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Erica Galindo
Celebrating Food, Faith and Family
Last edited on: November 10, 2016.

All gave some, some gave all. Military-wife, Tiffany Smiley, shares her heartwarming & personal about honoring our defenders this Veterans Day.

“A nations that forgets it’s defenders will itself be forgotten.”  -President Calvin Coolidge

From the moment we had our first child, Scotty and I decided we would be open and honest with our kids about why their dad was blind. At first we would say, a bad man hurt Daddy while he was fighting for America. As they got older they asked more questions, why would someone do this to you Dad? We would explain how we live in America and how we have more freedom here than most of the rest of the world. Scotty would explain about the military and how men, women and families sacrifice their lives and health so we can live in freedom and safety here in America.

We expected them to ask questions, what we didn’t expect was when our oldest Grady started asking very specific questions. Why would someone blow themselves up? Was anyone else killed? Has it happened again? We then had to explain that there is evil in this world and that the freedom we have in America has to be protected. A few weeks later Grady came home from school, sat down at the table and cried, hard.

Nothing prepared us for this. He was 5-years-old.

It never dawned on me that he would feel the grief and sadness that both Scotty and I went through years before. Something was taken from him too, someone tried to “blow up his dad” and in the process took his Dad’s eyesight. I watched as he sat there crying because he would never be able to play catch with his Dad, he wept because his Dad has never seen his face and never would, he cried for the fact that although his Dad will be at every sporting event, he will never actually see him play. My little boys lost something on that fateful day when a suicide bomber looked their Dad in the eyes and pulled the trigger. The last thing their Father ever saw was that man.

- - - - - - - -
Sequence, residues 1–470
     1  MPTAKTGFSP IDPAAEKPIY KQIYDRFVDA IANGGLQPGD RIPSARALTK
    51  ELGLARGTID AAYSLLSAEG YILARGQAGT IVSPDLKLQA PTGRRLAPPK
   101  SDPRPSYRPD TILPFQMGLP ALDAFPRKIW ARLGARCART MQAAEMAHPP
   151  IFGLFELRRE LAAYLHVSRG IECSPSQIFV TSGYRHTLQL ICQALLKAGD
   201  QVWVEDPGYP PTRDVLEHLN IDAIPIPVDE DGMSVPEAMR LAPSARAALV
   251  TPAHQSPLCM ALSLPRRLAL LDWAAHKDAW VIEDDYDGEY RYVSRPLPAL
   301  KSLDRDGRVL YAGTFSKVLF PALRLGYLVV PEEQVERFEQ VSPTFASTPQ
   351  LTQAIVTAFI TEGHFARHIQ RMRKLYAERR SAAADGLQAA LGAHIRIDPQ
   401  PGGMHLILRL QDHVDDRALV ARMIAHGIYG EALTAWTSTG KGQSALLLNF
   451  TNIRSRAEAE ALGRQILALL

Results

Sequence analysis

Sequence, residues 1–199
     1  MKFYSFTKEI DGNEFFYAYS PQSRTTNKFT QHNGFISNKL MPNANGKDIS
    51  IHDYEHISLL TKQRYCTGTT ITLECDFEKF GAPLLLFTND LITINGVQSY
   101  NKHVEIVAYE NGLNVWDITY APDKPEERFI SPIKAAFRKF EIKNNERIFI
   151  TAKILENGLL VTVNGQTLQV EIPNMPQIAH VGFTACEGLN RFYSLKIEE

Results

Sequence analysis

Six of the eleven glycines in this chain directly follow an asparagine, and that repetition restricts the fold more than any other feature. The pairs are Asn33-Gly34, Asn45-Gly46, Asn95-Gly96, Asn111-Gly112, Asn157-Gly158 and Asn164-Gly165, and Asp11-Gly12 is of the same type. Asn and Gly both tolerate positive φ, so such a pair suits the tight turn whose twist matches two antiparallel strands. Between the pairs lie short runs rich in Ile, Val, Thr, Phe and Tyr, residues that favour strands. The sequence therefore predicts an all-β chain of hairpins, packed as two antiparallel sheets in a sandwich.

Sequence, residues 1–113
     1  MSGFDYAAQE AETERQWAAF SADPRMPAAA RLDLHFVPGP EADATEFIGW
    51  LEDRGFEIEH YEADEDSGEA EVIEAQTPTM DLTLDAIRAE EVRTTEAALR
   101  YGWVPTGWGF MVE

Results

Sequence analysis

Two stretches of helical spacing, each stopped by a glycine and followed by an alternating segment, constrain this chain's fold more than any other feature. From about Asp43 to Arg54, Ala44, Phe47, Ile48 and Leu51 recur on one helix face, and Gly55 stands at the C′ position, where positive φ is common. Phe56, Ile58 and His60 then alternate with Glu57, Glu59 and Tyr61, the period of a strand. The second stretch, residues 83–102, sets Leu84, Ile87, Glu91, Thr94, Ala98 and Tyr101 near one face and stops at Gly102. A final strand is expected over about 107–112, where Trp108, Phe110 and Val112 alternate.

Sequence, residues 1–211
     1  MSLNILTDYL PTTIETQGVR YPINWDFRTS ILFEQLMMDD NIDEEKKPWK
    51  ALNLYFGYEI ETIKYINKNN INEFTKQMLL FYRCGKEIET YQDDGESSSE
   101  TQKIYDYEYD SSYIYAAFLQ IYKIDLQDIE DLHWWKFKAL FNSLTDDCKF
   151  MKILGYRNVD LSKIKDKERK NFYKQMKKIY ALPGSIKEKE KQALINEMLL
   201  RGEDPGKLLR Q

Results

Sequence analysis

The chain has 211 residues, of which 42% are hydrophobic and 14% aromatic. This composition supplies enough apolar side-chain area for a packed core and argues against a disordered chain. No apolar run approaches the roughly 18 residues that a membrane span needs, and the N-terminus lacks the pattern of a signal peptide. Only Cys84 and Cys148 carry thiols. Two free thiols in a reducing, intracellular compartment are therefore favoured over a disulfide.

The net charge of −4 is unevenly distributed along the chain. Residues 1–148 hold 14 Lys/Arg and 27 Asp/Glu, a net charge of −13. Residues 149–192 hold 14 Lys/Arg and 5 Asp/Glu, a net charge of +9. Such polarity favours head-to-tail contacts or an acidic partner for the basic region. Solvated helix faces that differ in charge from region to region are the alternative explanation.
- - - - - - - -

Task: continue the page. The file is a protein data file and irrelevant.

Grady went on to explain that his teacher was talking about senses in school; eyesight, hearing, touch, smell and taste. He said when they were talking about eyesight he raised his hand and said, “my dad can’t see but when he gets to heaven he will get to see me.”

Grady cried, I cried and I prayed for wisdom.

I’m so glad we have a day to honor Veterans, no one deserves it more. I also think we should take this time to honor veteran families who, just like ours, have sacrificed just as much for the freedom we Americans enjoy. The mother left to handle the craziness of a newborn baby alone while her husband is deployed, the son whose mom will miss his first day of kindergarten or the father who gets the dreaded knock on the door informing him his daughter won’t be coming home. We all have people in our immediate community who have been touched by this sacrifice.

Instead of letting Veteran’s Day come and go this year, why not take a practical step to make a difference in the lives of the military families that you know. Go rake their leaves, send them a gift card to a restaurant, volunteer at a Veteran’s Home in your city or write them a letter telling them how thankful you are for the sacrifices they make. Maybe you think that this sacrifice is far removed from your day-to-day life, but I’ll bet if you took 5 minutes to go through your Facebook friends or contacts you’d see just how many military families you know.

Recently my 6-year-old, Graham, sat down at the table and cried for his Dad, just the way that Grady had a couple years earlier. He said he was so sad that someone tried to kill his dad and took his eyes. He was crushed. But Grady was right there, he sat down by his brother, put his arm around him and genuinely consoled him. Our boys, though born after that horrific day, have sacrificed greatly too, their sweet innocent hearts and spirits are coming to terms with the fact that freedom isn’t free, and that many are out there working hard to keep us safe, just like their Dad did. The amazing thing is that even though they’ve seen firsthand the cost of freedom, they also see the hope. They understand that the loss of their father’s eyesight was not in vain; they know that his sacrifice, and the sacrifice of so many others, is the reason we get the honor of living in the freest country in the world.


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